The Bowery (1933)
“”CHUCK” CONNORS MONARCH OF ALL HE SURVEYED AND COULD LICK!”
Director: Raoul Walsh
Cast: Wallace Beery, George Raft, Jackie Cooper
Synopsis: In turn-of-the century New York City, Bowery bar owner Chuck and thrill-seeker Steve enjoy finding new ways to insult, prank and outdo one another, their antics typically revolving around some kind of wager.
The chances are you’ll be hard pushed to see The Bowery, Raoul Walsh’s depiction of life in the titular area of New York back in the Gay ‘90s. It certainly doesn’t show up on mainstream TV channels these days, and the version I watched on YouTube came complete with Spanish subtitles. The reason for this is its racist and sexist content, which, while offensive to our 21st Century sensibilities, is really the reason why such movies should still be readily available. To deny our collective past, or to pretend it never happened, is like attempting to rewrite history. We — most of us — are grown up enough to appreciate the social context in which movies and books that offend today’s attitudes were created, and we are where we are today because movies like The Bowery exist, not in spite of it.
Having said that, The Bowery is one of those movies in which enjoyment is repeatedly tempered by the staggeringly casual racism. At one point, a lovable young tyke called Swipesy, played by Jackie Cooper, is placated by Wallace Beery’s rough and tough character Chuck Connors, by being allowed to throw just one small rock at the Chinks’ windows. The stone knocks over a lamp that sets the Chinese laundry ablaze, and we see the men screaming for help from an upstairs window as two rival fire crews, led by Connors and George Raft’s Steve Brodie, battle it out with one another over who gets to use the nearby fire hydrant. The whole scene is played for comic effect, and the presumable death of the unfortunate Chinese is promptly forgotten once the story moves on.
Connors and Brodie are embroiled in an on-going rivalry and duel of one-upmanship which usually revolves around less harmful pranks such as Brodie’s habit of giving exploding cigars to Connors. Into their rivalry wanders pretty Lucy Calhoun (Fay Wray), an innocent girl saved from a life of enforced prostitution (presumably, anyway, the script’s pretty coy about this part of the story) by Connors who sets her up as housekeeper in the apartment he and Swipes share — much to the young boy’s disgust. In fact, Swipes is so irked by her presence that he moves in with Brodie, who also successfully makes the moves on Lucy. The rivalry between Connors and Brodie escalates to the point where Connors bets his saloon that Brodie won’t dare jump from the Brooklyn Bridge. Brodie accepts the bet, but has no intention of going through with the jump, planning instead to substitute a dummy to make the jump for him.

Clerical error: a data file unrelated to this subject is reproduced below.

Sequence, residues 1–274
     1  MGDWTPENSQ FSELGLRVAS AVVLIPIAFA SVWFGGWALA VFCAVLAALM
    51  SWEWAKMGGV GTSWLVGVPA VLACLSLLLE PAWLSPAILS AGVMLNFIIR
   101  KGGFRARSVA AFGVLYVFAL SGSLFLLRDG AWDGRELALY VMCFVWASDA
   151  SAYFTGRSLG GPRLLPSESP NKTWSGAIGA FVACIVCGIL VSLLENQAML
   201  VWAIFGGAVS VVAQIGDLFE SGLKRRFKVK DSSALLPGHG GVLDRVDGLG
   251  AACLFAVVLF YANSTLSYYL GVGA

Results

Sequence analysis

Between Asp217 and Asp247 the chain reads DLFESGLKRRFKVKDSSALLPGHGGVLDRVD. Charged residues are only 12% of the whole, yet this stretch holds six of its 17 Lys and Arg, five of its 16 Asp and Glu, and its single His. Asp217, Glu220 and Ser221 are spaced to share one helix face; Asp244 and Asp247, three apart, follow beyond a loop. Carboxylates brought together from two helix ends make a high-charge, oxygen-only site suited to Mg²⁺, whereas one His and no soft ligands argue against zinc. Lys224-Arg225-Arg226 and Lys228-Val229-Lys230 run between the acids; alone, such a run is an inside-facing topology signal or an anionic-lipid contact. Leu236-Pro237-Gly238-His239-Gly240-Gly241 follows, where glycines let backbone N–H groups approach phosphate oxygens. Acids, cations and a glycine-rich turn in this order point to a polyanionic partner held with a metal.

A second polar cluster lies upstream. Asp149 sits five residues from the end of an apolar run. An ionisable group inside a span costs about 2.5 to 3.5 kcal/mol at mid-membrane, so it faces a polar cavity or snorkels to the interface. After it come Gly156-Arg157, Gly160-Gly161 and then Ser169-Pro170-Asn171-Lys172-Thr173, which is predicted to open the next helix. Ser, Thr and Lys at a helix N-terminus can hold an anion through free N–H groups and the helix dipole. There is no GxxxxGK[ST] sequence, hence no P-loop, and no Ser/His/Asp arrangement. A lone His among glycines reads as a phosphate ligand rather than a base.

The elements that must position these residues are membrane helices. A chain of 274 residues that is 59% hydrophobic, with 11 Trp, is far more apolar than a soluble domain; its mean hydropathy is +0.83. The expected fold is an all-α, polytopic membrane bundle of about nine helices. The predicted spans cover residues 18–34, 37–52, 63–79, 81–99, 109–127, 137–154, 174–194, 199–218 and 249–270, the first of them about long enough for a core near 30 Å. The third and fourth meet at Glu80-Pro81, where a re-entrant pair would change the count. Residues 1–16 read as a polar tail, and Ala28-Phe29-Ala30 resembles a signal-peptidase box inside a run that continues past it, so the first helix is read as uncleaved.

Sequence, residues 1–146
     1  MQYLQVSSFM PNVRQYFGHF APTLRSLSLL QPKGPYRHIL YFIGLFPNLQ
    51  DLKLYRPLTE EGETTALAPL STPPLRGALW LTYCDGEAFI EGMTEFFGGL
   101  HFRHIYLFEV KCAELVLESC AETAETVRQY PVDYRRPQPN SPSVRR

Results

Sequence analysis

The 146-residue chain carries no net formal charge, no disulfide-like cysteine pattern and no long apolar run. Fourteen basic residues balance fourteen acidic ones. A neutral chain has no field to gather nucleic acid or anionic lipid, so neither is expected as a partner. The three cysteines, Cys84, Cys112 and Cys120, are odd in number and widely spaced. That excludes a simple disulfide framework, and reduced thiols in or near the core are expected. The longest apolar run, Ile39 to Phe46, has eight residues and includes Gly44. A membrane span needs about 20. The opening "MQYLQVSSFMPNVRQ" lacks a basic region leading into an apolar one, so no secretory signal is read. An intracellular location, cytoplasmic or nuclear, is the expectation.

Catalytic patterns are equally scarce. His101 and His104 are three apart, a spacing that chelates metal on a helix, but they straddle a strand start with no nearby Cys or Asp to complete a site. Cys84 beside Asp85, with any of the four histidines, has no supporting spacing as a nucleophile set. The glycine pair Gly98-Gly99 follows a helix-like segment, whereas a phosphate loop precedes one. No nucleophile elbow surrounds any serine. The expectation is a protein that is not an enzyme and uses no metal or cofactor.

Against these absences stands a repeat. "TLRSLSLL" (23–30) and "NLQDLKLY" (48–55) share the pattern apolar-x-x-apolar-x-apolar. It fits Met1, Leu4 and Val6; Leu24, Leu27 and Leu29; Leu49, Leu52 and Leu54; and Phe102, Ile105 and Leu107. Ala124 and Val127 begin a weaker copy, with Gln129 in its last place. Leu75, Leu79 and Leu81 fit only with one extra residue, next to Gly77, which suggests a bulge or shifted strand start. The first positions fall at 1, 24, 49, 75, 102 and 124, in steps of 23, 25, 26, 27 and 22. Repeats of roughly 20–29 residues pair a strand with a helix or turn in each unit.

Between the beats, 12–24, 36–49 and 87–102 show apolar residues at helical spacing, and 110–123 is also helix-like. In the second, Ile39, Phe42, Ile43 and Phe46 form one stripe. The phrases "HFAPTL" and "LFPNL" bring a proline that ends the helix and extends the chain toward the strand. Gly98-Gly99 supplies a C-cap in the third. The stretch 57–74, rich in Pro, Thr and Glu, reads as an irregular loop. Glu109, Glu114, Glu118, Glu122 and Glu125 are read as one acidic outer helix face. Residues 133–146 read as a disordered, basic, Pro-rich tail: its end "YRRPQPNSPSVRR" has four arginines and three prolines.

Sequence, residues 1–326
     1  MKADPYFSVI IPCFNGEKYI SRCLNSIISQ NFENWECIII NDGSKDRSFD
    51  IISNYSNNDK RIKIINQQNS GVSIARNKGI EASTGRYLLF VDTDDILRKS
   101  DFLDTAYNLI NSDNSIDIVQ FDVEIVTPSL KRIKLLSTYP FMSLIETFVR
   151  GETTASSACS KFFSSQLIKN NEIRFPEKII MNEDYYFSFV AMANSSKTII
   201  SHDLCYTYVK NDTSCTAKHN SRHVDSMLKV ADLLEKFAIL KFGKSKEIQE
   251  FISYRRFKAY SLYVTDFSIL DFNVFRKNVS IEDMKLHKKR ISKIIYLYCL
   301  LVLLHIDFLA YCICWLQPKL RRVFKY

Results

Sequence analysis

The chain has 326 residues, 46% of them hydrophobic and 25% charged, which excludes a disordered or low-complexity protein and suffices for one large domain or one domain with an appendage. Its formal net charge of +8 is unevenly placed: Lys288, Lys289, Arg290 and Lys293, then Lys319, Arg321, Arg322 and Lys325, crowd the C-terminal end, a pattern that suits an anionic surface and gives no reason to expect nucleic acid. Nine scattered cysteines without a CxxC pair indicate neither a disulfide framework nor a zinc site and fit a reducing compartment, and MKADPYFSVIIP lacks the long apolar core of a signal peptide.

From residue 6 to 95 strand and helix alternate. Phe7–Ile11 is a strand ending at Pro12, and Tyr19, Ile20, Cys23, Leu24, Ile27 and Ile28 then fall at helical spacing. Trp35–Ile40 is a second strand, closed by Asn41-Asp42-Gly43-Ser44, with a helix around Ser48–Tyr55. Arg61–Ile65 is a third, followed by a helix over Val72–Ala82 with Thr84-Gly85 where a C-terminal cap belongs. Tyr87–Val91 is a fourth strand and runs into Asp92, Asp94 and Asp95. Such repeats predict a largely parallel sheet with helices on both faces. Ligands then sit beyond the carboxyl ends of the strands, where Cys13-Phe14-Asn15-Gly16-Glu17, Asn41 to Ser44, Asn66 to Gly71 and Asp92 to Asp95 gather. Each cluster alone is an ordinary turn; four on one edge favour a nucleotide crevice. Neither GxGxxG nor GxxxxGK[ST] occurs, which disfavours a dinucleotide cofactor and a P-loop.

The Bowery was directed by Raoul Walsh, a director who had a knack for imbuing subjects like this with an infectious vibrancy. If you can look beyond the racism and violence against women — early on we see Connors smack a persistent female admirer whom he bedded the night before over the head with a blackjack to stop her from annoying him — you’ll find a fast-moving, consistently entertaining comedy which boasts warm performances from its leading players. Beery was something of a monster in real life by all accounts, but it’s impossible to dislike him in the persona of Chuck Connors, a lovable bear of a man whose enmity against Brodie never approaches anything more malicious than the level of the school playground. Raft was something of a bland leading man, but he gives one of his better performances here, and Fay Wray, fresh from screaming in the clutches of King Kong, never looked more beautiful.
(Reviewed 23rd August 2013)